The joy of over-commitment: The need to always do more to be seen as more

g’day my friends and welcome to another week and finally a new blog!! I am so sorry for being absent! I have finally submitted my 10,000 word dissertation! I have been working on it since February, which means i have been living and breathing law.

So now that is over and done with, I can now get back to writing these blogs!!

I want to talk a little bit about over-commitment or trying to be something other than who you are.

Regardless of if you are disabled or not, we all struggle with this concept.

So I want to delve a little deeper into the subject.

The Social Perception

a baby tree growing out from concrete
Photo by Engin Akyurt:

I have heard time and time again from members of the disabled community about being seen or lack there of by members of the public.

They often feel in order to fit in or feel like they have any worth to the public, they must become Paralympians or do something extraordinary.

Why is that though? Too often, disabled people are often used as ‘inspirational’ or ‘motivational’ objects for people.

The word ‘inspirational’ gets used constantly. Sure you can look at it in two ways. İts either their way of saying ‘you easily could have given up on the world or refused to do anything today, but you didn’t you decided to just get on with it’ or it is a means of pity or feeling sorry for that person and viewing their life more difficult or horrible than their own.

Either way in comes down to perceptions. The one thing I learnt with my dissertation is social perception and ideas are the catalyst for change. Without social perceptions evolving, our quality of life doesn’t evolve.

Given the social perception of needing to be more to be of value, it often leaves us to feel like we have to keep doing more and become someone else for the sake of others. This then leads to? Yep you guessed it over-commitment!

The toll of over-commitment

a sheet of paper with 'balance' and 'burnout' written next to check boxes. I feel over-commitment should be added to the list!
Photo by Nataliya Vaitkevich:

I struggle with over-commitment. Shocker I know!! This year I decided to say yes to everything, and paid the price for it. I was mentally and emotionally exhausted and had no desire to workout. I broke down numerous times and felt like I was sinking.

Why did I do this to myself? Well mainly it was because I love being busy, and I thought I could handle it. Oh how naive I was!!

But also because I allowed the outside noise get in my head that told me to be more and to do more to warrant the ‘your so inspirational’ comments.

Because before that I just didn’t believe it. In fact, I squirmed whenever someone said that to me. I felt like I hadn’t earn’t that label yet.

However, I also felt a sense of pride being so busy. It also gave my life even more meaning.

But the price we pay on over-commitment will be our health if we aren’t careful.

So for the sake of needing to be seen as worthy of a place in society, are we prepared to run ourselves into the ground?

The importance of finding who you are

someone in snow gear holding a coffee cup full on snow to the camera. the coffee cup reads 'the adventure begins'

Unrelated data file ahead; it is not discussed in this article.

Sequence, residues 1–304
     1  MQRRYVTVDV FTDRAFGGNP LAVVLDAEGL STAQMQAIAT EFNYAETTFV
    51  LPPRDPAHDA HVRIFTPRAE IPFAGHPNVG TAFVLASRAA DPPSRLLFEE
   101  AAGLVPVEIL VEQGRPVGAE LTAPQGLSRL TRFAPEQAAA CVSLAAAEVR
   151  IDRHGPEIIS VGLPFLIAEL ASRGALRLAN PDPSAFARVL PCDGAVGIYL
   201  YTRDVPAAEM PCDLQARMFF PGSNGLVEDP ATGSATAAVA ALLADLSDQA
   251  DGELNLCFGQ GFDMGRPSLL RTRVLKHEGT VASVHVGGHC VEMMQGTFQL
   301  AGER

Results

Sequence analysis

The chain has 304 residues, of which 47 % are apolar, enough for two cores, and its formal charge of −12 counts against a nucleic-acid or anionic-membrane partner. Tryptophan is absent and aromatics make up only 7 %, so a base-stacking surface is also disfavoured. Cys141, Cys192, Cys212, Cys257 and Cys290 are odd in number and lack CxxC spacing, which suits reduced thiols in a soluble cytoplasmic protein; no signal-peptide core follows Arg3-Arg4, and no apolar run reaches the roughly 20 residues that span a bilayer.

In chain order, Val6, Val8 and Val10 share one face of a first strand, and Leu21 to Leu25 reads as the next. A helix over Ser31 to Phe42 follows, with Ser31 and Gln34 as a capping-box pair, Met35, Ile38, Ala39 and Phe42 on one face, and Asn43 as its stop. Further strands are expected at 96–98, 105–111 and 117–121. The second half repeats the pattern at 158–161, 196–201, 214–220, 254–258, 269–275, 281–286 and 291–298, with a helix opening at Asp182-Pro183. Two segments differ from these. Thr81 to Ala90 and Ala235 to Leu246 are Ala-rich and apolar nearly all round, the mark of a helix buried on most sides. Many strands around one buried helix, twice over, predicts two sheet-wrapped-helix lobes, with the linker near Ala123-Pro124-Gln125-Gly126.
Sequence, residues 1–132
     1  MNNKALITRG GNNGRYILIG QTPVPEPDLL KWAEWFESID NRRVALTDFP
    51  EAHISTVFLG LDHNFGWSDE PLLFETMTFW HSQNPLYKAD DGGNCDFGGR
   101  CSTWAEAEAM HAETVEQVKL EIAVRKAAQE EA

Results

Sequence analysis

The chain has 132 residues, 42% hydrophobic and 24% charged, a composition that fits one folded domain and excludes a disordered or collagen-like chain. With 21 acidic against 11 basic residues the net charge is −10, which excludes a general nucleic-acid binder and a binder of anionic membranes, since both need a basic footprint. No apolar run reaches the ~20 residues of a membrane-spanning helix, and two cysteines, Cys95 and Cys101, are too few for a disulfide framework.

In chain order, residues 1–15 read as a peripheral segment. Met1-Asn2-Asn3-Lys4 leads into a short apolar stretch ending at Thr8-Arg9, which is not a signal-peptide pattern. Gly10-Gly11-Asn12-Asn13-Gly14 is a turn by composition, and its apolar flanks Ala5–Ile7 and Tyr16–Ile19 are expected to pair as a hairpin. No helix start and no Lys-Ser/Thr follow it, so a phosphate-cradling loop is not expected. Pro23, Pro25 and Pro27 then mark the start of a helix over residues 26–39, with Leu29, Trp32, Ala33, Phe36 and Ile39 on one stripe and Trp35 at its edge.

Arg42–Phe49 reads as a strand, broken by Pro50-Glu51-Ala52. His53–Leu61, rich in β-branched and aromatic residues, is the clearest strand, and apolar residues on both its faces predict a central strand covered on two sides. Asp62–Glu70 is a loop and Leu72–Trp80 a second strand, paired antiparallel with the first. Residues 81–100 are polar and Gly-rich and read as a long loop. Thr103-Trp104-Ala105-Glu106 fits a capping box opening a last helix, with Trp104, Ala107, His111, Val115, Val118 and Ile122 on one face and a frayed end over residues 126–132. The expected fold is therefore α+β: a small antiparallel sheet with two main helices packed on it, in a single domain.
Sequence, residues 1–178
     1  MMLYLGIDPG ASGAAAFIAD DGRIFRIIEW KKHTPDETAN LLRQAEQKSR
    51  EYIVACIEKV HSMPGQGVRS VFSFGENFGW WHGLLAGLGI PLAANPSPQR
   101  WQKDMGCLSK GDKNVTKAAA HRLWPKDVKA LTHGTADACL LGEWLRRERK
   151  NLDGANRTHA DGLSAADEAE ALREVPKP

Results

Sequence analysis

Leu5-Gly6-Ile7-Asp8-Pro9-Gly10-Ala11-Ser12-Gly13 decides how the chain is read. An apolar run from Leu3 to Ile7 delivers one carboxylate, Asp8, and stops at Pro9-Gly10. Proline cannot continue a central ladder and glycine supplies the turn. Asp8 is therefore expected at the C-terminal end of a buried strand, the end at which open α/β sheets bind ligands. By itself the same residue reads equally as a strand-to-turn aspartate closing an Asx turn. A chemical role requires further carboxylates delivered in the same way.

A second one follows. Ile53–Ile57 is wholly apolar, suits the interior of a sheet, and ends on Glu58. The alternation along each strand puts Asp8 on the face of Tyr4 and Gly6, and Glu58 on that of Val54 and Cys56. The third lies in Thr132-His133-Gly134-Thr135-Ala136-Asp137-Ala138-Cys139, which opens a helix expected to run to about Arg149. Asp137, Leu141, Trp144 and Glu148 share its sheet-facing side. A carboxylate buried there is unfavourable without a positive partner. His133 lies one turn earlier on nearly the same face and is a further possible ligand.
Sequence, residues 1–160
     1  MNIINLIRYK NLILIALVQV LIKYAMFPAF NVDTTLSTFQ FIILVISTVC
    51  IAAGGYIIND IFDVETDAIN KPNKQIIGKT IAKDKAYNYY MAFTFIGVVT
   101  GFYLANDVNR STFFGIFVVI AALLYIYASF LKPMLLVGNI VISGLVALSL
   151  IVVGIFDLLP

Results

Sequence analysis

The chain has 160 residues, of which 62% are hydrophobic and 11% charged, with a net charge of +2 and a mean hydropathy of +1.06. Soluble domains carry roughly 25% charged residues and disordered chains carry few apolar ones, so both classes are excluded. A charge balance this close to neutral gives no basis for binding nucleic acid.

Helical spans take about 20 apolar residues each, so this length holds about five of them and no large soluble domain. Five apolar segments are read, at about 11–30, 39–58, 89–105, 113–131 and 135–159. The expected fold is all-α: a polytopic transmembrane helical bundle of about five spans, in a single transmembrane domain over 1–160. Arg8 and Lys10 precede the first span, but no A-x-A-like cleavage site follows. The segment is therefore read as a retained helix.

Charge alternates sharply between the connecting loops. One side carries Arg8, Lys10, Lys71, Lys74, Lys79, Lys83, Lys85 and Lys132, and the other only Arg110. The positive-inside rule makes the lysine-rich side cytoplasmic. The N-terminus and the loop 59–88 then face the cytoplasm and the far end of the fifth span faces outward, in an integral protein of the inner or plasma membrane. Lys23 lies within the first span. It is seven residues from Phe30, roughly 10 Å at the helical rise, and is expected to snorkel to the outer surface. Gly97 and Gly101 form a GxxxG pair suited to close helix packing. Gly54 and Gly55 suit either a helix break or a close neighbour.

Photo by S Migaj:

We are always struggling to find our place in life. Who are we? What do we want to do with the time we have left? And all the other questions we ask ourselves when we figure out who we are.

When we are insecure we turn to external sources to fill our cup, or to direct us in life. Whether that be career, relationship, health, friends, houses, cars, and anything and everything in between.

But the truth is we will never be fulfilled if we look elsewhere instead of within.

Once we do the things that matter most to us, and become certain within ourselves and our abilities, that’s when we truly can balance the joys that life throws at us.

When it comes to social perceptions and social pressures, it is time to change the patterns. Once we can start seeing people as people and not needing them to do things extraordinary to be valued, then that is when change starts to happen.

However, for those who struggle with the ‘inspirational’ comments. We are unique in that we see life as valuable and not to be wasted. We go through things that people wouldn’t imagine. But that ultimately allows us to get on with life and the ability to deal with things probably better than others. So sometimes we should take that as a compliment… but obviously not all the time.

As for those who feel sorry for the disabled community and the life we lead. We aren’t after your pity. Life could be so much easier if we can access all the same shops, bars, clubs, restaurants, jobs, schools, and transport like you. Help us to feel valued in society by equal access not by the things we feel are a requirement of us to do in order for you to feel ‘inspired’ and for us to feel seen.

So my disabled brothers and sisters and everyone else, do the things that make you happiest in life. No external thing will truly make you completely happy. And social status while allowing us to have some incredible opportunities, isn’t everything in life. So take on as much or as little as you want, but don’t give into over-commitment out of social pressure. But also be proud that you are doing life.

till next time,


After a little more motivation for your day? Check out my post on finding meaning here!

1 thought on “The joy of over-commitment: The need to always do more to be seen as more”

  1. Linda Apelt

    Such a good read again. Ive realised we are never to old to learn and accept different ways of understanding our, and others, emotions and feelings.

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